PONO CEO’s High-Res Lowdown

As if an impressive array of products, great seminars, and lots of other goodies were not enough, AXPONA capped its first day with an hour-long presentation by PONO CEO and confirmed audiophile, John Hamm (above). Even before the talk began, John walked through the audience, giving sneak peak, hi-resolution listens to attendees via Sennheiser HD650 headphones.

The word “pono,” you may know, is Hawaiian for “righteous.” The player was created by Neil Young, who wants to “rescue an art form” from the throes of sonically degrading MP3 and the limitations of Red Book CD sound.

John framed his talk by saying, “The big picture is better music for the masses.” He also noted that all the advance auditions of PONO have only given us a taste of the final product, because “30% more engineering is going into it before it’s released in July or August.” That engineering, as you may know from other interviews with Hamm, includes contributions from Ayre’s Charlie Hansen.

John explained that Neil first approached record labels 2½ years ago, when everything was in transition, streaming was emerging, and no one was clear as to what their new business model would be. It was then that he proposed a high-resolution antidote to MP3, and a portable player that would bring the music to them.

“This is an artist-driven movement,” said John. “Neil created PONO to communicate the emotion the artist meant for you to feel. We intend to sell the player for the least possible price we can for now.”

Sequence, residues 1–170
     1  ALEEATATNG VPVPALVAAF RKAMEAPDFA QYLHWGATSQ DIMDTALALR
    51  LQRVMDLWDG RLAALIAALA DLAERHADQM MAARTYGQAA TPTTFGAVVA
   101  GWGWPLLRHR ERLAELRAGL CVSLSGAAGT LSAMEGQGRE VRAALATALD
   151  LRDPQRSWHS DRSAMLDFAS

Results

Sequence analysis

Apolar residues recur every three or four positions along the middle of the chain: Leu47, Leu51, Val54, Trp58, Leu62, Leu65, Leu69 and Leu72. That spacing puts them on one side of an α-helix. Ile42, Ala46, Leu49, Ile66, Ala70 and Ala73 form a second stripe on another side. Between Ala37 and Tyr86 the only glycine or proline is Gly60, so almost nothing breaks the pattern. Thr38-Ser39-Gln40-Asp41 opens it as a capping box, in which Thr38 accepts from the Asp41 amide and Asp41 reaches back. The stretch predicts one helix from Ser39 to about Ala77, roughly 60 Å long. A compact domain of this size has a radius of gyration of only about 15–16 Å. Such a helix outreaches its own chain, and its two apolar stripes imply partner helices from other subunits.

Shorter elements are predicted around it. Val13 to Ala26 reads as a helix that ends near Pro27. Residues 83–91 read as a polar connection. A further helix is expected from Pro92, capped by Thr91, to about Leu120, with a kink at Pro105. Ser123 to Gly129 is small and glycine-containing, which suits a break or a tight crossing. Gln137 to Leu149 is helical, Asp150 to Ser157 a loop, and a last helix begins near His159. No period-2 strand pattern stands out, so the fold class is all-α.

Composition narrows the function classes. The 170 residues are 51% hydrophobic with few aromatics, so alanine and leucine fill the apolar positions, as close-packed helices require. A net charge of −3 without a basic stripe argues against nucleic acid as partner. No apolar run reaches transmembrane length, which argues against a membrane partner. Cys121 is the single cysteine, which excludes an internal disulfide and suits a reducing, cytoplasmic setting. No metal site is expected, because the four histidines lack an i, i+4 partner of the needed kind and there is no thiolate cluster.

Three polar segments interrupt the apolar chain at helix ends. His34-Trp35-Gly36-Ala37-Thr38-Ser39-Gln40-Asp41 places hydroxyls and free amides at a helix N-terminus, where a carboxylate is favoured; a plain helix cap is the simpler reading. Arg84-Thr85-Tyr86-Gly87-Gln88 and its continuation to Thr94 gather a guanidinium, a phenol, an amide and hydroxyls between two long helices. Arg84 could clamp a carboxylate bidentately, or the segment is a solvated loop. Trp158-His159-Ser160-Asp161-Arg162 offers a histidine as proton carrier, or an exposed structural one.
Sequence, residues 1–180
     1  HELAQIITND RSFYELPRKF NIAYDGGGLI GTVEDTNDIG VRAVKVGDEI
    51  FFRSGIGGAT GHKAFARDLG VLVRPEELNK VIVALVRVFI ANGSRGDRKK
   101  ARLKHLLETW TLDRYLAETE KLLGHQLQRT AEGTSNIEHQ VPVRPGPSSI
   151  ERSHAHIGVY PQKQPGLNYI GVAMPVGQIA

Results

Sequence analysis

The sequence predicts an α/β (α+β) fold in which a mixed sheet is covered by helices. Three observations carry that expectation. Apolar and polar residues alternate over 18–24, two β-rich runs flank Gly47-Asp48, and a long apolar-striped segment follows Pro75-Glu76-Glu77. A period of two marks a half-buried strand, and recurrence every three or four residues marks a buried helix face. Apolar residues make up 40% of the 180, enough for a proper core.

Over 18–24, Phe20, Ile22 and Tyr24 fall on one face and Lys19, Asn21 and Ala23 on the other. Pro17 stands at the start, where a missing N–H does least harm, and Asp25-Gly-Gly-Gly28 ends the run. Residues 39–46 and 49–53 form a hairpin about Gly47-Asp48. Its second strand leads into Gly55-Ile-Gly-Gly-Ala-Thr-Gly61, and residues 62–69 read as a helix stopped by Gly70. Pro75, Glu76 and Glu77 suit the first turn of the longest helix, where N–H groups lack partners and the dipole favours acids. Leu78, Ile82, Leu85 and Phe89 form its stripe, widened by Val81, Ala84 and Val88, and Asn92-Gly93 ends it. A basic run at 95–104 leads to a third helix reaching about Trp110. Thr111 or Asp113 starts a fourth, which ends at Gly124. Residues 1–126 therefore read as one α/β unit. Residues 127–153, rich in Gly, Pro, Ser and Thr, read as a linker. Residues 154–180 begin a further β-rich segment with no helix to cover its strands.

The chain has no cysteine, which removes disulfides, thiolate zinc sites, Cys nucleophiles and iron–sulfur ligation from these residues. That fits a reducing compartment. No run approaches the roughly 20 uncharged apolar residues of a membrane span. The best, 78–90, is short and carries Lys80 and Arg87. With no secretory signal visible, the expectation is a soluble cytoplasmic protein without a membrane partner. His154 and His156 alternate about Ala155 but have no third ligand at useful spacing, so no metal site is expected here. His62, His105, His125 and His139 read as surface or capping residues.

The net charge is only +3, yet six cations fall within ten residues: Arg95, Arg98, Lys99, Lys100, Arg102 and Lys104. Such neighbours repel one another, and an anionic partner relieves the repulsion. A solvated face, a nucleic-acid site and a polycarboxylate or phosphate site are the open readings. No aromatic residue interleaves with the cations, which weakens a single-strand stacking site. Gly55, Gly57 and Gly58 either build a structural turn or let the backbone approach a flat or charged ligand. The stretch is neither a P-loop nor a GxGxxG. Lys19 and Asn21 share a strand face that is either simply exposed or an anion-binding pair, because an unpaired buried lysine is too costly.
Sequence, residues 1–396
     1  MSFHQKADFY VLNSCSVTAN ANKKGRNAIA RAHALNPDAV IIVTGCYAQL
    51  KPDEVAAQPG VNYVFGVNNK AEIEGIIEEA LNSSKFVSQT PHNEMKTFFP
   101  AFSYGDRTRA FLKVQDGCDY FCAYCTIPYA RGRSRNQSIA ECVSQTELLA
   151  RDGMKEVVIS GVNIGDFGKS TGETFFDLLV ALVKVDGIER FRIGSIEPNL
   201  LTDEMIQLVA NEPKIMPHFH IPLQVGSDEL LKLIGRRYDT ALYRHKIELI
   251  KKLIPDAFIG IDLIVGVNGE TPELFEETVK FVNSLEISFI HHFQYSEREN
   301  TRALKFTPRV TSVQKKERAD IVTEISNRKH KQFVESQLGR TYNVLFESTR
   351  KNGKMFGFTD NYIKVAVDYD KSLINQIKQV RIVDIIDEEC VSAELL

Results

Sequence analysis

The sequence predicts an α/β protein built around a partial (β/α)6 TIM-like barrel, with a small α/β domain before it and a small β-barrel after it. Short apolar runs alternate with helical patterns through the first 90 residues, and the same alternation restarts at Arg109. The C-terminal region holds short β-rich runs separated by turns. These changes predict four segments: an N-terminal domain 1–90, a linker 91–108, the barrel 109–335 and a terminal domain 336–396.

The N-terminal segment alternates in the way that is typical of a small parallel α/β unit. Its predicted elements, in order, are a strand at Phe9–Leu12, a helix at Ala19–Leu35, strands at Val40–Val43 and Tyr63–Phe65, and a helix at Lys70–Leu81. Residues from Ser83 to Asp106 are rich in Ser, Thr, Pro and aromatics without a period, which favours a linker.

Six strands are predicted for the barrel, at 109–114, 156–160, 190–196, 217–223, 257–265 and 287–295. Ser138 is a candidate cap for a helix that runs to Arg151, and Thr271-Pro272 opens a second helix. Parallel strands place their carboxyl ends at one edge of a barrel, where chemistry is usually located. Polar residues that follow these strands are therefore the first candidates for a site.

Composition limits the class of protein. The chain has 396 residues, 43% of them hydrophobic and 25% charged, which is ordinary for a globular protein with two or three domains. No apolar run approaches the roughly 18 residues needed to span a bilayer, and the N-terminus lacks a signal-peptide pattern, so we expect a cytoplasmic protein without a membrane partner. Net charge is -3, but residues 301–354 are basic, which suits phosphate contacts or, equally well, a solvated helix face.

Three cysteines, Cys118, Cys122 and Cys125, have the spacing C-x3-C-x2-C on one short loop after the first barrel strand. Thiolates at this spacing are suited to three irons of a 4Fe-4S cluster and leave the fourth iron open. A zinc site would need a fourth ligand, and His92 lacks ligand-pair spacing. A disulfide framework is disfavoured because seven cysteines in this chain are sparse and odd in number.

John Hamm called PONO’s recently closed, remarkably successful Kickstarter campaign “a very democratic outreach to get the word out.” With 18,000 backers, $6.2 million raised (half of which will go toward manufacturing PONO players, and the other half toward “bringing up the quality of the PONO site,” and 15,000 units pre-sold, PONO now has 15,000 evangelists spreading the word. “The bottom line is getting quality music to the people,” he said.

After word of PONO and its Kickstarter campaign first got out, one thing that threw John for a loop was the volume and intensity of the naysayers. For several weeks, he attempted to engage them, until he realized that all the arguing in the world would not make a bit of difference. Instead, he concentrated on spreading the word among people who understand that hi-resolution recording and playback make a difference.

John sees 24/48 as a baseline starting point for hi-resolution. Warner, which began started archiving its projects in 24/192 five years ago, currently offers the most hi-res content of any label. PONO is now giving other labels a reason to follow suit. The PONO player is completely open; it will play music from multiple sources, including personal collections, in all different formats. You will not have to buy music exclusively from the PONO store in order to be able to play it on PONO.